DOE has no ‘regulatory or statutory ability’ to create coal, nuclear bailout, says Perry

Source: By Catherine Morehouse, Utility Dive • Posted: Thursday, June 13, 2019

Perry’s Tuesday remarks mark a departure from his previous commentary on DOE’s efforts to save increasingly uneconomic coal and nuclear plants.

At CERAWeek in March, the secretary told reporters DOE was still “looking for answers” to plant retirements. And last month, Assistant Secretary of Fossil Energy Steven Winberg told Senators the department was working with the Colstrip plant in Montana “see what opportunities there are to keep it open.”

But Perry on Tuesday seemed more inclined toward state-level intervention in economic assistance.

“Each state has their own economic right to either put tax credits, tax breaks [or] incentives in place,” Perry said, responding to a question about his stance on House Bill 6 in Ohio, which would provide $190 million in nuclear subsidies annually through 2026.

“I will say I’m a big fan of the ‘all of the above’ energy strategy, and for your state to be successful, you need to have tax policy, regulatory policy, that sends the message that capital is welcome in your state,” he said of the bill.

He’s voiced support for Pennsylvania’s nuclear bailout bill, which he said represented “thoughtful, competitive programs where states don’t have to rely upon the federal government to support a particular industry sector.”

Though the secretary said he hasn’t definitively “seen any movement” from the White House or FERC on any plans to federally subsidize or bail out coal and nuclear power, he did acknowledge conversations on how to preserve the resources were ongoing.

“The previous administration in particular didn’t like coal. They were clearly not looking to help the coal industry out at all. I just think we need it all,” he said.

FERC fell under scrutiny last August after its Chief of Staff,  Anthony Pugliese, told a nuclear group the commission was working with federal officials to identify “critical” power plants, seen by many as a first step in a larger two year federal bailout plan the White House released last June.

That plan is currently on hold, but the White House still calls for supporting uneconomic coal plants, even when industry finds retiring those units will save money.

In February, President Trump tweeted to the Tennessee Valley Authority, urging the utility to keep its Bull Run coal plant and Unit 3 of the Paradise coal plant open. But the TVA board of directors voted to close the units, which it projects will ultimately save customers over $1 billion.

Dive Brief:

  • The Ohio House on Wednesday passed a bill 53-43 that would subsidize nuclear and coal plants while eliminating a green energy mandate that now pushes utilities to more renewable energy and efficiency resources.
  • The “clean air program” would raise $190 million annually, charging ratepayers up to $1 monthly through 2026, mostly to fund First Energy Solutions’ Davis-Besse and Perry nuclear plants. The bill would also allow electric distribution utilities to charge customers a monthly fee, which requires state regulatory approval, to recover part of their ownership stake in Ohio Valley Electric Corporation’s (OVEC) Kyger Creek and Indiana-based Clifty Creek coal-fired plants.
  • The bill is expected to pass the Senate due to the support of Republicans and Gov. Mike DeWine, R, according to research firm ClearView Energy Partners VP Tim Fox, although state senators haven’t gone on the record to support nuclear subsidies. Ohio is expected to enact a nuclear assistance program before June 26, based on the deadlines FES has set to continue operation of its nuclear plants, Fox said in a note to clients.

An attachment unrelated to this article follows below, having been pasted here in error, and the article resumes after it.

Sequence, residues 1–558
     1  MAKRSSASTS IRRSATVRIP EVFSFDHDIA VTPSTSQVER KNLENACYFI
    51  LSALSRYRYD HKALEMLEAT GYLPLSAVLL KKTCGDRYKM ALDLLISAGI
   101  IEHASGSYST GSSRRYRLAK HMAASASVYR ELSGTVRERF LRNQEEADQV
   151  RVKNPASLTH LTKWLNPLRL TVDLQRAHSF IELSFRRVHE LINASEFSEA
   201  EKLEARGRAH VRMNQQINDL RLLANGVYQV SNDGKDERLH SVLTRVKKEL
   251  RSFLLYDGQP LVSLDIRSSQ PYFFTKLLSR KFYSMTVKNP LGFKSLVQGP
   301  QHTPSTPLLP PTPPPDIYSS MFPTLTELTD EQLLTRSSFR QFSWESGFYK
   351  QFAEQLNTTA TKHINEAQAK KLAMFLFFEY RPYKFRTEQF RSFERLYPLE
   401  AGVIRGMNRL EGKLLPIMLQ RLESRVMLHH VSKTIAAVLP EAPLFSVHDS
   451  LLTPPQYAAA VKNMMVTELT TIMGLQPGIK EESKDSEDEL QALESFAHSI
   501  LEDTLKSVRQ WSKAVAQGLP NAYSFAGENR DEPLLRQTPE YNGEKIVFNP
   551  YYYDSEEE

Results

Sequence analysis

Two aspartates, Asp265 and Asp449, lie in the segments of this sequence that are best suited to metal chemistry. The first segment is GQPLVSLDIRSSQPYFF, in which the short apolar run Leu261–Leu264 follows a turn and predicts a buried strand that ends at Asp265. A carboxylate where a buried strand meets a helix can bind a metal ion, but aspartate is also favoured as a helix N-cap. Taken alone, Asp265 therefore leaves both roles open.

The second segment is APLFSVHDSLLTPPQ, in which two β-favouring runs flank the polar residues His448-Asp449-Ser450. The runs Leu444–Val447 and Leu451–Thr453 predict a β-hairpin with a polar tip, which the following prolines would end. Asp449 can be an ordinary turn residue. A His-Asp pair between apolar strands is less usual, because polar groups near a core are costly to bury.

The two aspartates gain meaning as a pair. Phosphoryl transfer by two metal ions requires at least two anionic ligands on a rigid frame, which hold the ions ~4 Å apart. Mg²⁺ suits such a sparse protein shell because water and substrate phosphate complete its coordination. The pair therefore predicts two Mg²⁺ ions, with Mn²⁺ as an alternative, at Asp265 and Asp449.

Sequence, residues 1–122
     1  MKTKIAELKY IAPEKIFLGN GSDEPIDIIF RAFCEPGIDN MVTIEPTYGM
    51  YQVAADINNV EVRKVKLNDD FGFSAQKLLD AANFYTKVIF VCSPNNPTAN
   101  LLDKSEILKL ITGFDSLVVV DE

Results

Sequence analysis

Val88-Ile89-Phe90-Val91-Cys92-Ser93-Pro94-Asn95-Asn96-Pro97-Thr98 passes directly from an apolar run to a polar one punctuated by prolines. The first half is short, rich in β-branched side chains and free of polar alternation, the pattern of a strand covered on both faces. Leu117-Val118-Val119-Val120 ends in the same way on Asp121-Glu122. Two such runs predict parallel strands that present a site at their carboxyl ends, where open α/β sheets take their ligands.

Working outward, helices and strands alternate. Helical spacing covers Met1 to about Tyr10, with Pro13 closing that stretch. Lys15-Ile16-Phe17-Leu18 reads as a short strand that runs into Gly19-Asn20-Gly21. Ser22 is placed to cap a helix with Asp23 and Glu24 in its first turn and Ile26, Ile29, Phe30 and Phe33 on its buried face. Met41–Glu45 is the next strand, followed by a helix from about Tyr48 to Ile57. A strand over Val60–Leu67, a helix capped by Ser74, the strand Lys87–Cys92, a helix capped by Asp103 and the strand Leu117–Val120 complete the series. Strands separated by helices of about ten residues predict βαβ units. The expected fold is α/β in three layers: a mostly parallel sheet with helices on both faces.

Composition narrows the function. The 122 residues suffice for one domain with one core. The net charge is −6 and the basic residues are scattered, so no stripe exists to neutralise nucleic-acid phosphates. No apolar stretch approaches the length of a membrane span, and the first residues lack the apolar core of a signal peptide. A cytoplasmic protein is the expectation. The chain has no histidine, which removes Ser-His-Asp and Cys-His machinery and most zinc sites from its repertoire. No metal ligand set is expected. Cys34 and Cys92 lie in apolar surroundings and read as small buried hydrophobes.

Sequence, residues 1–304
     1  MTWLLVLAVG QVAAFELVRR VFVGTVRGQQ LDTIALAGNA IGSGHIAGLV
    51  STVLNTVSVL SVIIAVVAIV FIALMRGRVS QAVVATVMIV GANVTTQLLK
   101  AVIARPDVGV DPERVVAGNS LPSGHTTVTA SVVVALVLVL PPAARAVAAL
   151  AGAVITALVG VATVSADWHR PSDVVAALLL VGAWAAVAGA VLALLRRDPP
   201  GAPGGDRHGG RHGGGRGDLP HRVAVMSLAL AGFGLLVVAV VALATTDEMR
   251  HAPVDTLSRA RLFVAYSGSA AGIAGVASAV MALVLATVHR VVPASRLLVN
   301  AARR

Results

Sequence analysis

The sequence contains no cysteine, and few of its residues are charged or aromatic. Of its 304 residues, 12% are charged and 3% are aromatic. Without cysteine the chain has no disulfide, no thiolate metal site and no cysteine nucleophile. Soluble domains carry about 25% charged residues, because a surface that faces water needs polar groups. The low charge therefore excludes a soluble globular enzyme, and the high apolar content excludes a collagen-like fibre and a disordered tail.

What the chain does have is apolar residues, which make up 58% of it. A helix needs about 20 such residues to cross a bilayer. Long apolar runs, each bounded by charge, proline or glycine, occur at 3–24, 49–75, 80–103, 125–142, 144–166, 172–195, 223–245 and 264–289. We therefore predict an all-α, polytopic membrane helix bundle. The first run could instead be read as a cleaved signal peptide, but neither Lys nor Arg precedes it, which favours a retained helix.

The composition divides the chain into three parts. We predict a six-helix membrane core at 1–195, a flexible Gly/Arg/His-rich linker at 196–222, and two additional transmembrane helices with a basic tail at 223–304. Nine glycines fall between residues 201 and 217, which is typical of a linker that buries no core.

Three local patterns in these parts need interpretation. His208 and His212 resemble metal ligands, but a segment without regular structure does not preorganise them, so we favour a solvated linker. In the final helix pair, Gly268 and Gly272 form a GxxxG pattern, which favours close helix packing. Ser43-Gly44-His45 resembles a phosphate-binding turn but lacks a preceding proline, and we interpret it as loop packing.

Dive Insight:

While the House brought back some renewable provisions that had been stripped out in committee, advocates for renewable energy, natural gas and consumer rights bemoaned the passage of the bill, hailing it as a way to achieve President Donald Trump’s goal to subsidize coal plants.

By repealing the state’s broad renewable portfolio standard, the bill would eliminate a monthly surcharge of less than $5 from residential customers to help utilities obtain 12.5% of their power from renewable resources by 2027.

But while the bill eliminates the mandate, it contains other renewable provisions that helped garner support from 10 of 38 Democrats.

One amendment helped reduce permitting risk for the approval of small on-site industrial wind facilities, increasing the maximum from 5 MW to 20 MW for on-location self-generation wind-farms that could avoid Ohio Power Siting Board review. Another made room for five large-scale solar power projects to qualify for funding from the “clean air” program, after a House committee had stripped the bill of most of its renewable components.

But while some were glad to see at least some renewable provisions in the bill, oil and gas groups blasted the nuclear support provisions as unnecessary.

A report from the former senior economist of PJM Interconnection, Paul Sotkiewicz, says the FES nuclear plants make billions. The analysis, released on Tuesday published by E-Cubed Policy Associates, concludes that “Ohio nuclear resources are profitable on an operating basis and have no incentives to retire for the foreseeable future, therefore there is no need for additional out-of-market financial support.”

“This vote essentially bails out the profitable Davis-Besse and Perry nuclear power plants owned by FirstEnergy Solutions, and subsidizes two coal plants,” Chris Zeigler, American Petroleum Institute Ohio’s executive director, said in a statement.

“Independent research now confirms that the entire pretext for bailing out FirstEnergy’s power plants is bogus. Why should Ohioans be forced to bail out a profitable company?” Dick Munson, Midwest regulatory and legislative affairs director for the Environmental Defense Fund, said in a statement.